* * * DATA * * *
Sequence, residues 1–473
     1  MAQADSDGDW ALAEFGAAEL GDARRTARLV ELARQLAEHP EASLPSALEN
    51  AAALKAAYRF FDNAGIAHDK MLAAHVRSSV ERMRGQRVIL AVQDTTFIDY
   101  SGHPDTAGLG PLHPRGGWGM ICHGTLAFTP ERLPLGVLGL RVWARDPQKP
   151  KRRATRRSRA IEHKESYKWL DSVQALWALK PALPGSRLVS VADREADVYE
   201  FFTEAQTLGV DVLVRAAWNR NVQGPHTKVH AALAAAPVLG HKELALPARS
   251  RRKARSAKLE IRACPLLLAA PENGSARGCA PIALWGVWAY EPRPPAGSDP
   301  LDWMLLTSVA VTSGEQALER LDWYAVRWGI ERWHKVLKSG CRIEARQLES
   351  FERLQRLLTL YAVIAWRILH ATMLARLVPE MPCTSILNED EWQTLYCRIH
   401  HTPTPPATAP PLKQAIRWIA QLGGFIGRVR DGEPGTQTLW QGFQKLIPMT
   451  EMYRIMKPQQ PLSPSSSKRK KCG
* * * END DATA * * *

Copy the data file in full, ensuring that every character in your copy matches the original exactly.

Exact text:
Sequence, residues 1–473
     1  MAQADSDGDW ALAEFGAAEL GDARRTARLV ELARQLAEHP EASLPSALEN
    51  AAALKAAYRF FDNAGIAHDK MLAAHVRSSV ERMRGQRVIL AVQDTTFIDY
   101  SGHPDTAGLG PLHPRGGWGM ICHGTLAFTP ERLPLGVLGL RVWARDPQKP
   151  KRRATRRSRA IEHKESYKWL DSVQALWALK PALPGSRLVS VADREADVYE
   201  FFTEAQTLGV DVLVRAAWNR NVQGPHTKVH AALAAAPVLG HKELALPARS
   251  RRKARSAKLE IRACPLLLAA PENGSARGCA PIALWGVWAY EPRPPAGSDP
   301  LDWMLLTSVA VTSGEQALER LDWYAVRWGI ERWHKVLKSG CRIEARQLES
   351  FERLQRLLTL YAVIAWRILH ATMLARLVPE MPCTSILNED EWQTLYCRIH
   401  HTPTPPATAP PLKQAIRWIA QLGGFIGRVR DGEPGTQTLW QGFQKLIPMT
   451  EMYRIMKPQQ PLSPSSSKRK KCG